Think geomagnetic disturbances are not relevant to you? Think again. On October 18, 2012, the Federal Energy Regulatory Commission (“FERC”) issued a Notice of Proposed Rulemaking (“NOPR”) in Docket No. RM12-22-000 to address the potential threat of such a disturbance. Buried in footnote 24 of the NOPR is the potential cost, up to $500,000 per blocking device that may need to be installed on “each affected transformer.” Certain generator step-up transformers as well as certain transformers owned and operated by transmission providers registered to comply with North American Electric Reliability Corporation (“NERC”) Reliability Standards may be subject to a future requirement to install such costly new equipment. A disruption to the Hydro-Quebec grid that occurred in 1989 was cited as an example of the harm that may be associated with geomagnetic disturbances.
The Commission proposes in the NOPR to require NERC to submit new Reliability Standards for approval that address the impact of geomagnetic disturbances on the Bulk-Power system. The Commission anticipates the standards would be implemented in two stages. The first anticipated stage would require owners and operators of the Bulk-Power System (entities registered with NERC) to develop and implement operational procedures to mitigate the effect of geomagnetic disturbances. FERC proposes that NERC file a proposal for this stage within 90 days of the issuance of its Final Rule. During stage two, it is anticipated that registered entities would be required to conduct assessments of the impact of geomagnetic disturbances, and implement plans to eliminate instability, uncontrolled separation, or cascading failures to the Bulk-Power System. The strategies employed may include automatically blocking geomagnetically-induced currents from entering the Bulk-Power System, or specifying requirements for new equipment and isolating equipment that is not cost effective to retrofit. FERC proposes that NERC file a proposal as to stage 2 within 6 months of the issuance of the Final Rule.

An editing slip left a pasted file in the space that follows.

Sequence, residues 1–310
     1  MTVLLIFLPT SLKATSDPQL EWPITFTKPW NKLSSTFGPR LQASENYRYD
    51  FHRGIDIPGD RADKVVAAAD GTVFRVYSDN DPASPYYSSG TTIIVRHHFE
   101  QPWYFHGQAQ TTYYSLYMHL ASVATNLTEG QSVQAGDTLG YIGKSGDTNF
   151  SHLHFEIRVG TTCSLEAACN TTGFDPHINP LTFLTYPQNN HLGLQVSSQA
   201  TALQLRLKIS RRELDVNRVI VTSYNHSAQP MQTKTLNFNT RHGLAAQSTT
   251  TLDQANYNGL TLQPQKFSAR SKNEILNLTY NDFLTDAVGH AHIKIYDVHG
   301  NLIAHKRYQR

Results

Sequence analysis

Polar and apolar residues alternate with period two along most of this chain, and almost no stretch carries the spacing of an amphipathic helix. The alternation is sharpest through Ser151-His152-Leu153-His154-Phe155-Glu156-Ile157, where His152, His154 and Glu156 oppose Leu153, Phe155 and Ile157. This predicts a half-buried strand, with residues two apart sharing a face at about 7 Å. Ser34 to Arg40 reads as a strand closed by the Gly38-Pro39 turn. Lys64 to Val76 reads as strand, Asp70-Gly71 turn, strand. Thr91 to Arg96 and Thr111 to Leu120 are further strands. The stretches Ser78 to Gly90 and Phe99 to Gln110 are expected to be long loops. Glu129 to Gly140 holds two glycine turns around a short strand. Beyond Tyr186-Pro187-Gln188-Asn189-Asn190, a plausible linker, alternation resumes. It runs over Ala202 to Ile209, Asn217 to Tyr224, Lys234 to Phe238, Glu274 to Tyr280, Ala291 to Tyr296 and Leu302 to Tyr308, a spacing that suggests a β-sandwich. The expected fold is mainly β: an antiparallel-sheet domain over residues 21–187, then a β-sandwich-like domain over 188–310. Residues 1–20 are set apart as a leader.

Because the NOPR applies to NERC, which is to develop the requested new Reliability Standards, FERC asserts that the NOPR itself “will not have a significant or substantial impact on entities other than NERC.” That thought process is narrow. FERC is directing NERC to propose changes that may impose a substantial burden on the industry. Industry comments are solicited.